All the patients will be ventilated in the ED over a maximum of 48 hours, by using 2 types of different ventilators (Evita XL, Drager or Infinity C500, Drager).
In all patients NIV will be delivered through either a facial mask with an inflatable soft cushion seal (Gibeck, Upplands, Sweden; Vitalsigns, Towota, NJ, USA) or to a clear, latex-free helmet (CaStar, Starmed, Mirandola, Italy), according to the clinical decision.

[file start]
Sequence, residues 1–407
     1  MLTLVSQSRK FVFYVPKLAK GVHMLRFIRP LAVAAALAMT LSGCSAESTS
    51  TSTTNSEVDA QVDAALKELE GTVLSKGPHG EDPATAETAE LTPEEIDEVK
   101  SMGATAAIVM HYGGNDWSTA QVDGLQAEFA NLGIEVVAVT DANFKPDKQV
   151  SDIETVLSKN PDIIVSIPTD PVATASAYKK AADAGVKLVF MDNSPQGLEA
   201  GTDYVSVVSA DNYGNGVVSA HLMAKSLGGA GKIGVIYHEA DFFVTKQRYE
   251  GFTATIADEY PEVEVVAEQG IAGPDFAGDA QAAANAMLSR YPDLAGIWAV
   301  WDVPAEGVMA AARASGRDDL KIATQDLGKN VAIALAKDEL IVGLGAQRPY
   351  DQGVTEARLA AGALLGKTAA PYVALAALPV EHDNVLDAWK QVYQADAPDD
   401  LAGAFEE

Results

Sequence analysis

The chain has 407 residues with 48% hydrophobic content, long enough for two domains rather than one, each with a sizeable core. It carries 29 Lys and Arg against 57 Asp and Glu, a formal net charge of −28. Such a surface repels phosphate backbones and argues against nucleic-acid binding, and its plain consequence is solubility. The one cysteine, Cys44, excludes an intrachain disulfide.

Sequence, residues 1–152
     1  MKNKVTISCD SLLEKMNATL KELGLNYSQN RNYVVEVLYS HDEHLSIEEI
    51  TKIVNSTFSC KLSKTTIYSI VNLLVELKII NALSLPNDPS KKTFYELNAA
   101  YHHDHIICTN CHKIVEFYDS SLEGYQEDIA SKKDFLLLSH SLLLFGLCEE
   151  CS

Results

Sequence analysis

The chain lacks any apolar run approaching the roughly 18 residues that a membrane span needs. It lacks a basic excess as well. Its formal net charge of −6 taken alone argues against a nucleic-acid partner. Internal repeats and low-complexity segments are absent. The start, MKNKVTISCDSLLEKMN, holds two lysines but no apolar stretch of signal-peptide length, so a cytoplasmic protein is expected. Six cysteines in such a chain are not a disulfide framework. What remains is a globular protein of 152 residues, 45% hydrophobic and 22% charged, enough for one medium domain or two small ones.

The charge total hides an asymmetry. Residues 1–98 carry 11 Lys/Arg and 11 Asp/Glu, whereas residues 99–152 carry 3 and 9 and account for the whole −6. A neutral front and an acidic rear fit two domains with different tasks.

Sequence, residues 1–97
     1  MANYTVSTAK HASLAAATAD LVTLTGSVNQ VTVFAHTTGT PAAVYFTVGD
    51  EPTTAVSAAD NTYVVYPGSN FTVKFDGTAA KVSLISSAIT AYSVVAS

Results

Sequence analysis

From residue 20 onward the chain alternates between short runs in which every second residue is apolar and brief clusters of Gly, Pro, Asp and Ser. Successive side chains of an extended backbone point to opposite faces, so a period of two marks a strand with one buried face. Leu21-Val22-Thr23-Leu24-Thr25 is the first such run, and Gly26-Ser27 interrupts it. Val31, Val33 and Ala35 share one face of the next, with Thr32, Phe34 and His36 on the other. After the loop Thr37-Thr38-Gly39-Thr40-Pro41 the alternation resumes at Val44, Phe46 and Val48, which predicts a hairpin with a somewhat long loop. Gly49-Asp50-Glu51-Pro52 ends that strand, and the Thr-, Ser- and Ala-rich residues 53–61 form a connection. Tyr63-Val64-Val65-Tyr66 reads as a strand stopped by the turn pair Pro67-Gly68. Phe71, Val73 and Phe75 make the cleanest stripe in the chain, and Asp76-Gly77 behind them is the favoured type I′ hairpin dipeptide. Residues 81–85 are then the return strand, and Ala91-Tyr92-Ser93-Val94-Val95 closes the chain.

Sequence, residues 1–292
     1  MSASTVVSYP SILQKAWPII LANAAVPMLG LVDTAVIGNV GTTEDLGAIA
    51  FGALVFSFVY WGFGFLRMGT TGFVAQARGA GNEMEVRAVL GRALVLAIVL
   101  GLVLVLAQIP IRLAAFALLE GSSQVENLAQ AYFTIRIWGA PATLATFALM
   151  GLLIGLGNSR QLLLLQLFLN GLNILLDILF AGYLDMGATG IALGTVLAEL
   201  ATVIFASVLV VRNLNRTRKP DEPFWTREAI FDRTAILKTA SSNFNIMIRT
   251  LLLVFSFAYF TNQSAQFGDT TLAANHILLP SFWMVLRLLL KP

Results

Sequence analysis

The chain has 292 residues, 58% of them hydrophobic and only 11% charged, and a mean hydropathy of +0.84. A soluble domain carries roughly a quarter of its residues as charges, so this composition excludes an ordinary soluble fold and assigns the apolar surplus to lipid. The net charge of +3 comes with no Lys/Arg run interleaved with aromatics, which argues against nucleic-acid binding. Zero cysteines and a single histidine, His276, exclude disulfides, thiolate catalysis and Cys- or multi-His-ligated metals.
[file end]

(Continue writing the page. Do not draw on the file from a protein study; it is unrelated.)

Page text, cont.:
Pressure support ventilation with positive end-expiratory pressure (PEEP) will be used with all interfaces. Pressure support ventilation will be started at 10 cmH2O and increased with progressive stepwise increments of 2-3 cmH2O, to obtain an exhaled tidal volume of 6 mL/kg, a respiratory rate (RR) < 25 breaths/min, patient comfort and disappearance of both accessory muscle activity and/or paradoxical abdominal motion. PEEP will be increased with stepwise increments of 2-3 cmH2O up to 12 cmH2O to ensure peripheral oxygen saturation (SpO2) of ≥90% with the lowest possible FiO2. When the helmet will be used, part of the volume delivered to the system will be used to distend the helmet without reaching the patient. PEEP levels will be increased with stepwise increments of 2-3 cmH2O up to 15-18 cmH2O to ensure peripheral oxygen saturation (SpO2) of ≥90% with the lowest possible FiO2 during NIV delivered through the helmet. Ventilator settings will be then adjusted according to SpO2 and measurements of arterial blood gases. The flow trigger will be set at 3 L/s, checking out the absence of auto-triggering phenomena.